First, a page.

Blog layouts became increasingly complex, customization options were endless and one could easily mistake a blog for a website. The Huffington Post is a great example of this. Slowly, blogs became sophisticated websites with many pages, advertisements and appealing graphics. At the end of the day, the only indicator that these websites were, indeed, blogs, were the small hyperlink bylines under articles titles indicating the time, date and author of the post. Ah…this is a blog!
For bloggers, the evolution of blogging has been fantastic—people now run businesses out of blogging, make income, and even work full-time as bloggers. Bloggers can create brands around their names, monetize their blogs through affiliate advertising, offer their services and even collaborate with high-profile brands. Some have become celebrities.
The opportunities that have arisen in the blogging industry (it is now considered an industry!) are limitless and have changed the landscape of how businesses reach their consumers.
This surge in the monetization and branding of blogs, however, has had a negative impact on the art of blogging itself, on the essence of what blogging is.
* * *
Bloggers these days are consumed by their statistics. We really are. I see countless of articles with advice for bloggers saying not to be a slave to your stats, but with the cutthroat competition that exists in the field, this addiction to the numbers is inevitable.
Blogging fulfills the basic human needs of attention and praise. Bloggers crave readers, unique views, comments and shares. For many bloggers, statistics are the fuel for their income, so keeping a vigilant eye on these numbers is critical. For others, they are the only standards by which they measure their personal success.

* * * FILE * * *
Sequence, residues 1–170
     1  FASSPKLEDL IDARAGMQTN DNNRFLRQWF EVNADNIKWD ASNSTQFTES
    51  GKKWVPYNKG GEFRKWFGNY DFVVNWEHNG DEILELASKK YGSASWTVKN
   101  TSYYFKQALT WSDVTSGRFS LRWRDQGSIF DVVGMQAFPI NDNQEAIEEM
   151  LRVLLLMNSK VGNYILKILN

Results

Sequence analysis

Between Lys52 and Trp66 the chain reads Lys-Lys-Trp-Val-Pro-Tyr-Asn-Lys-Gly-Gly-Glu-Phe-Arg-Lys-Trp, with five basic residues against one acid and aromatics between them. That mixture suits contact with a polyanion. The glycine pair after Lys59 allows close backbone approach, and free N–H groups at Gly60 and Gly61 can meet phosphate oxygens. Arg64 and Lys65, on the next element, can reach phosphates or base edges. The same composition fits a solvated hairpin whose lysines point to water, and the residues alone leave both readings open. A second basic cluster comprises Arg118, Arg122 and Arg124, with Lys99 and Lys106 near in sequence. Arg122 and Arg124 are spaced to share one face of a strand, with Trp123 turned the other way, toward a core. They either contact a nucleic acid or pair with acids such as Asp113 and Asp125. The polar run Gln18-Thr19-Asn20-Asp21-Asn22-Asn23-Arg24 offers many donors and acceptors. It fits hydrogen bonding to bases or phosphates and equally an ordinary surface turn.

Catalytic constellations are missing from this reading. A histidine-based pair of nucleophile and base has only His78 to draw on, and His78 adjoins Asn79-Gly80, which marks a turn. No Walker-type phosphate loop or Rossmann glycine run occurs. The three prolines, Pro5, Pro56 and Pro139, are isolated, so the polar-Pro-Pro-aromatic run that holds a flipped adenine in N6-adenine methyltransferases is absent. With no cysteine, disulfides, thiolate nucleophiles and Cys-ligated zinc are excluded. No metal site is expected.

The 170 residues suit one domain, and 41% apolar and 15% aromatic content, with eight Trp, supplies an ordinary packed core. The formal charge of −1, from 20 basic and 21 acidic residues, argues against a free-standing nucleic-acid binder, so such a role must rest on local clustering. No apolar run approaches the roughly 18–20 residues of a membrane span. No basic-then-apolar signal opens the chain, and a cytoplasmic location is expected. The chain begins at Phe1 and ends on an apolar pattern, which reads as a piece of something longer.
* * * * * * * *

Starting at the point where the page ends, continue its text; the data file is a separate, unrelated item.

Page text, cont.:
How many Twitter followers do I have? Facebook likes? Daily hits?
And somewhere in this chaotic sea of statistics and dollar signs, the original appreciation for what blogging is has been lost. The online diary. The online purging of your personal thoughts, your daily life, your quirky style. The latest politicking. Your unrequited love…
The online diary has been lost. It has succumbed to WordPress and to blogging platforms dedicated to creating websites—brands—out of blogs.
Now don’t get me wrong, I’m all about branding. I’ve already mentioned the success bloggers can achieve through branding their blogs. The hard work, recognition and financial rewards can make this form of advanced blogging extremely fulfilling work.
What I’m addressing here—or whom, I should say—are the bloggers whose voices have been lost in this landscape of visuals, branding, monetization, and design. Not only that, blogs have become isolated platforms where the only engagement comes from commenting, the only social connection comes from Twitter and other social networks, and where bloggers need tools like Bloglovin’ to “get on the map” for other bloggers and their readers.